The boy remembered the last time, when his mother’s boyfriend had cracked her across the jaw so hard that her tooth went skittering like a dropped candy across the bathroom tiles, and afterward, his mother had painfully explained that they would keep the tooth in a glass of milk until she could see the dentist the next day, that the milk would keep the tooth fresh and alive. So this time, when the house had been quiet long enough for him to dare emerge from his hiding place, and he found his mother unmoving on the kitchen floor, her head a confusion of blond strands and redness and a leaking substance like cake batter, he stepped carefully around her and bent to pick up the tooth, long and rooted, from where it lay beside the dishwasher. He was crying. Of course he was crying. But he nudged his mother’s leg aside, just an inch, so he could open the refrigerator and get the milk. He retrieved her favorite coffee mug from the sink, rinsed it, dropped the tooth inside and covered it with cold whiteness. He carried the mug into his room, careful not to spill, and kept his eyes fixed on it until the uniform people came.
When he went to live with his grandparents, he took the tooth with him. He had to move it from the mug to a Mason jar so he could put a lid on it, conceal it, but once his grandmother had unpacked his clothes and toys and books in his new room— his mother’s old room, she said— he removed the lid so the tooth could breathe. Some of his mother’s things, teenage stuff, jewelry boxes and yearbooks and CDs in dusty plastic cases, were still in the room. They perplexed him, and he tried not to touch them. His new window was on the wrong side of the bed, and the house smelled like stale coffee and their incontinent dachsund Bing instead of mango shampoo and vanilla. He changed the milk every couple of days, asking his grandmother for an extra glass after lunch and carrying it back to his room, where he drained the old milk into a potted plant and replaced it with fresh. His grandmother commented, distantly, what a good boy he was, to drink his milk without complaint.
Each time he drained and replaced the milk, the root of the tooth seemed to have grown longer, reaching and curling like a seedling. One morning he woke to find a pale pink tendril protruding above the milk’s tensile surface. Slowly, unmistakably, it waved at him.
Soon the tendril had grown into a thin, pale shoot that sent off runners like the peas his mother had planted in the spring. The runners twisted together at either side, forming two arms, and a knot at the top approximated a head. The new milktooth mother did not have eyes, but she seemed to see him anyway, turning her pale face to follow his movements across the room. He talked to her, tentatively at first, then eagerly. He told her about what had happened, the accident, as his grandparents still called it, though he knew better. He told her how the food his grandmother cooked tasted weird, how Bing peed on his shoes. She swayed in the breeze of his words.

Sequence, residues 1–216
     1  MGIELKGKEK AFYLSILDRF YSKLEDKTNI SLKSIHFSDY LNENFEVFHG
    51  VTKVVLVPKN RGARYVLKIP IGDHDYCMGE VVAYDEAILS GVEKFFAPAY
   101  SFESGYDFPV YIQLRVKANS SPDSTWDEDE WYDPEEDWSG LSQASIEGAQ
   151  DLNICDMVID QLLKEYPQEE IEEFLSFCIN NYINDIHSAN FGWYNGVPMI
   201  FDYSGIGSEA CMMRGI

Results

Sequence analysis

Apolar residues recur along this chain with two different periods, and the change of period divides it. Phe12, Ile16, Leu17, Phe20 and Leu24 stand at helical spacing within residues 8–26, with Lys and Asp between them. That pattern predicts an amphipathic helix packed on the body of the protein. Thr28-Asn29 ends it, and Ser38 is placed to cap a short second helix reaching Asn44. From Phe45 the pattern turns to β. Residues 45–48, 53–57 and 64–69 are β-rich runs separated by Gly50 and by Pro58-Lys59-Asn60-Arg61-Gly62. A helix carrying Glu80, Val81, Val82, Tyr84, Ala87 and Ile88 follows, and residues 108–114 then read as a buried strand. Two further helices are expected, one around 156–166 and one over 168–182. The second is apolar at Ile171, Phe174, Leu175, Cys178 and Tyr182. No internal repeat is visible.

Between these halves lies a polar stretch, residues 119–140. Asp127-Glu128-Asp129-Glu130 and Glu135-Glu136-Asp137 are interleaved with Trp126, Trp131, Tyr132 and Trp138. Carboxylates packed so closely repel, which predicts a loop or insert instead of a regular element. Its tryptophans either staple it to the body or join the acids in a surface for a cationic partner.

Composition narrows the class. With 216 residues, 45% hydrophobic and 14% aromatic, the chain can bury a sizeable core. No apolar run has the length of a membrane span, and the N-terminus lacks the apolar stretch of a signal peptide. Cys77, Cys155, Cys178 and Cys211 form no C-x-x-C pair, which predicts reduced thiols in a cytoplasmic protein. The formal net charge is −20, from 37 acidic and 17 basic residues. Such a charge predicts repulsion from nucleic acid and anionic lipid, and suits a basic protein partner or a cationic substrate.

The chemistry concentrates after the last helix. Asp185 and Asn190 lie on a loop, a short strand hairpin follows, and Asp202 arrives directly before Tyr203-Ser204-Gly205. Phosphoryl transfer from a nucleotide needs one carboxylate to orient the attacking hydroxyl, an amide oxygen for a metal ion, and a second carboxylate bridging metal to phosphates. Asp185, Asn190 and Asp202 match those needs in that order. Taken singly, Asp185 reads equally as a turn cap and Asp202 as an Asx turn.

The boy returned to school, and when he came home in the afternoons, she would nod as he told her what he’d learned, that tigers were the only cats that like to swim, that some tortoises could live for a hundred and fifty years. Some nights, when he was very sad, he’d hold the jar close as he lay on his saggy bed, and the milktooth mother would extend a damp pink tendril and stroke his forehead until he fell asleep.
His grandmother complained that his room smelled sour. She threw out the dead potted plant and sprayed some stuff that made his eyes sting. The milk in the jar turned cloudy and gray.
The boy had a loose tooth, low in his jaw, that he worried for a week until one night it broke free with an audible snap. He spit it into his palm and held it, wondering about money under his pillow, until he heard a tiny tapping on glass. The milktooth mother gestured urgently. She swayed like a hula dancer and beckoned until he understood.
He drained the milk into an old bowl of his mother’s, a small dish meant to hold rings, until the milktooth mother stood trembling, exposed to the root. She quivered for a long moment, then violently twisted, detaching her body from the tooth with a rip that he seemed to feel in his chest. She sagged against the glass and weakly pointed with a sprig. He took the tooth in his fingers; it felt soft, malleable. As she nodded encouragement, he worked his mother’s tooth into the gap in his jaw, easing the ragged root end into his gums. He felt a faint tingle.
The milktooth mother was already fading, dissolving, as the new tooth took root in his jaw. She shuddered a final time, then stilled. He slept holding the jar against his chest, and when he woke, it held only a spoonful of sweet-smelling pink fluid.
The tooth felt strong, but still he chewed gingerly for the next few days, grateful now for the overboiled foods his grandmother made. When he could bear it, he rinsed the jar clean and stored it under his neatly folded shirts.
When he smiled— when, at last, he was able to smile— the tooth was barely visible, slightly larger and more pearlescent than the baby teeth that fell out and were replaced, new adult teeth growing up around his mother’s, which he formed an unconscious habit of tonguing gently whenever he was thoughtful or uncertain, its cool smoothness a comfort until the end of his days.
About the Author: Primarily a poet, Juliana's fiction has appeared in Hobart and Flash Fiction Magazine. Her third poetry collection, Honeymoon Palsy, was published by Measure Press in 2017, and her humor writing has appeared in McSweeney's and elsewhere. An Alabama native, she lives in western New York and teaches at Alfred University.